Oracle vs. Google is still a thing, thanks to US federal court

No, this case still isn't over.

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Swapna Krishna
March 27, 2018 12:37 PM
In this article: android, business, gear, google, java, oracle
Dado Ruvic / Reuters
Dado Ruvic / Reuters

The fight between Oracle and Google has been going on for years, and now there's been a development, according to Bloomberg. The US Court of Appeals found that Google violated Oracle's copyrights through its use of Java code in the Android operating system. The case is now going back to a California federal court to determine how much Alphabet owes Oracle. The Supreme Court has already sent this case back down once, but you can bet that Google will appeal this decision.

"We are disappointed the court reversed the jury finding that Java is open and free for everyone," a Google spokesperson told Engadget. "This type of ruling will make apps and online services more expensive for users. We are considering our options."

""The Federal Circuit's opinion upholds fundamental principles of copyright law and makes clear that Google violated the law," an Oracle spokesperson told Engadget. "This decision protects creators and consumers from the unlawful abuse of their rights."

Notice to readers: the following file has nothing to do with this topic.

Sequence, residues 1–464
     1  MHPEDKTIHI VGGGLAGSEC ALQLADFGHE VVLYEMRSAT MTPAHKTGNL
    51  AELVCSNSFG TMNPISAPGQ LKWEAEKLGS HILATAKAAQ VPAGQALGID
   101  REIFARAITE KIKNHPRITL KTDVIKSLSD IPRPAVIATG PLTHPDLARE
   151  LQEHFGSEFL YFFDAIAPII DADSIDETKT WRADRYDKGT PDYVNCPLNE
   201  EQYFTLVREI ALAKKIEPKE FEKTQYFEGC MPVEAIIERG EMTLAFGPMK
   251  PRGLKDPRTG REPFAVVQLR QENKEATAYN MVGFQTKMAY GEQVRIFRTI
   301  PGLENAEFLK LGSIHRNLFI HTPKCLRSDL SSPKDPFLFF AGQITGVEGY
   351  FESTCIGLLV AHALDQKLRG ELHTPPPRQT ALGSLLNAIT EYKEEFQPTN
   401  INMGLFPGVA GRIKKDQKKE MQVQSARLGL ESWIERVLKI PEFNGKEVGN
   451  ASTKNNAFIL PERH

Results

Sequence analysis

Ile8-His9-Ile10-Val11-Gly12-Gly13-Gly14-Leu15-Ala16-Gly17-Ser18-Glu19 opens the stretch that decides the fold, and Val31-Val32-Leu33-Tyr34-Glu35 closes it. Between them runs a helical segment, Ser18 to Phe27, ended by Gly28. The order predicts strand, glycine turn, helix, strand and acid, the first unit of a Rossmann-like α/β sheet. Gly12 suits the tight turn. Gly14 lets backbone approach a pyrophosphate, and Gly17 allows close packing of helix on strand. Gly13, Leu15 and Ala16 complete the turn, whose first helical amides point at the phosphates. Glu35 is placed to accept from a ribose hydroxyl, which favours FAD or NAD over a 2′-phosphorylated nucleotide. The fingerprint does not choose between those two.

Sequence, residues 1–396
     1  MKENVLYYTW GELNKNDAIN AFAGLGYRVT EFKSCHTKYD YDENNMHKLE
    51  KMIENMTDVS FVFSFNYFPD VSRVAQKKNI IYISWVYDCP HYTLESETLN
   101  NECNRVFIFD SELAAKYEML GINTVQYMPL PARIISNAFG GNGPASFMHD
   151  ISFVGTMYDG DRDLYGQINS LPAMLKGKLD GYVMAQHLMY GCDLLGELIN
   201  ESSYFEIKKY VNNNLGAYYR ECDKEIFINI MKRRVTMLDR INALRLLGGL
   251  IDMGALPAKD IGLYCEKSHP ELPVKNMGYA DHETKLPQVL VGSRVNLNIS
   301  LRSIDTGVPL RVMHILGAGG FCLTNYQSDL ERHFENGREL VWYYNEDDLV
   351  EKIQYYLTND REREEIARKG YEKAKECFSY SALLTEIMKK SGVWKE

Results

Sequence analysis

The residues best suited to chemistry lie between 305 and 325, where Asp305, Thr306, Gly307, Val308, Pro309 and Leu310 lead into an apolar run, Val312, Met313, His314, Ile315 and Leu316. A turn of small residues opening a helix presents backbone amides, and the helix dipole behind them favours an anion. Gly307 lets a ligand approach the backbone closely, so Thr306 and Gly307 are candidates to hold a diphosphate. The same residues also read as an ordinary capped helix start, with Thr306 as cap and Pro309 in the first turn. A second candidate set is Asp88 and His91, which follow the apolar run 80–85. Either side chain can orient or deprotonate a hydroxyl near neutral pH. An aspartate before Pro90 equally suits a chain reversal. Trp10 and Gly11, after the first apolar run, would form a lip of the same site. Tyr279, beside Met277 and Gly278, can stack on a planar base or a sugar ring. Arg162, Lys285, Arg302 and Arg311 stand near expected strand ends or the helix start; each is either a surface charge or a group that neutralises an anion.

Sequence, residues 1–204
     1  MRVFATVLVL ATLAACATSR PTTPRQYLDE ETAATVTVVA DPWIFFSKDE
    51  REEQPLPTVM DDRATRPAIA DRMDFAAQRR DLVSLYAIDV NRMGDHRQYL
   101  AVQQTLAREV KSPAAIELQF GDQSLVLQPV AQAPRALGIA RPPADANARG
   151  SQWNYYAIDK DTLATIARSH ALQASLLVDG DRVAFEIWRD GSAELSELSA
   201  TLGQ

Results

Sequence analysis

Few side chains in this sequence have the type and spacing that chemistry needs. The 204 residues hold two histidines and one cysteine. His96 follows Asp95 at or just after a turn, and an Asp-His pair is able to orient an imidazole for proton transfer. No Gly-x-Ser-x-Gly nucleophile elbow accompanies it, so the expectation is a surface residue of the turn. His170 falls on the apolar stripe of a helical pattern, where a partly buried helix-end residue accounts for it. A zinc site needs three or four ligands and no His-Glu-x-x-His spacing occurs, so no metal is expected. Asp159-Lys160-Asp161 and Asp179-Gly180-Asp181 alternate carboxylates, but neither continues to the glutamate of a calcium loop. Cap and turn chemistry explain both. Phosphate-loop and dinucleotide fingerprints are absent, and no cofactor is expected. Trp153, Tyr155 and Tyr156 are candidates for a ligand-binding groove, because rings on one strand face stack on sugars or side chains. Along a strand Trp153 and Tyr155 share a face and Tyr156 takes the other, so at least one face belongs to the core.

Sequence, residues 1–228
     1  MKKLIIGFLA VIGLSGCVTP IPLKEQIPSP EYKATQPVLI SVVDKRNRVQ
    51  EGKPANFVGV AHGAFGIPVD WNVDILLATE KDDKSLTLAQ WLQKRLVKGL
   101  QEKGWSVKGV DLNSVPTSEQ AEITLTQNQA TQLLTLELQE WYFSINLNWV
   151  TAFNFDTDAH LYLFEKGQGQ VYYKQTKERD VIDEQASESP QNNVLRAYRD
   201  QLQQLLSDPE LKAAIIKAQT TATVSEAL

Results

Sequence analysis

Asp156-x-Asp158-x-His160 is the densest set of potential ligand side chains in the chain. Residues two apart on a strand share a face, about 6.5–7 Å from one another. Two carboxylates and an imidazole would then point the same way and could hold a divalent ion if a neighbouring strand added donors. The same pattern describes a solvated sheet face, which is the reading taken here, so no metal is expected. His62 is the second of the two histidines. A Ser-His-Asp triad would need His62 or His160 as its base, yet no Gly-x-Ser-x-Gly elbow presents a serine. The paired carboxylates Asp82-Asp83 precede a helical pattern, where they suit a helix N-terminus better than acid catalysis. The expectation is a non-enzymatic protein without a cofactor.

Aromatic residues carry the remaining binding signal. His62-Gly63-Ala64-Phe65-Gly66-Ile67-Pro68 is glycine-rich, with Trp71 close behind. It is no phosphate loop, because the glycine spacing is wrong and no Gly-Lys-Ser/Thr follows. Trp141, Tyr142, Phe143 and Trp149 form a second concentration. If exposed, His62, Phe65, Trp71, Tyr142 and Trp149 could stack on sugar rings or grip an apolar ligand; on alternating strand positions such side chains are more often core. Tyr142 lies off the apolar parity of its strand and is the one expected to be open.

The root of the complaint stems back to the fact that Google wanted to make it easy for Java developers to create software for Android, but didn't actually want to pay Oracle to license the programming language. It used Java APIs (application programming interfaces), which Oracle took issue with. The question is, does Oracle's copyright cover the way its code is arranged? Google claimed it didn't, but apparently the US Court of Appeals disagrees.

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Not now

Google has already removed Java APIs from Android, but that isn't enough. This case is huge in terms of precedents when it comes to technology and what copyright actually covers. If Google loses once and for all, it could mean a fine in the billions, depending on whether Oracle demands royalties for every Android device, as has been rumored.

Update: This article has been updated with a statement from Oracle.

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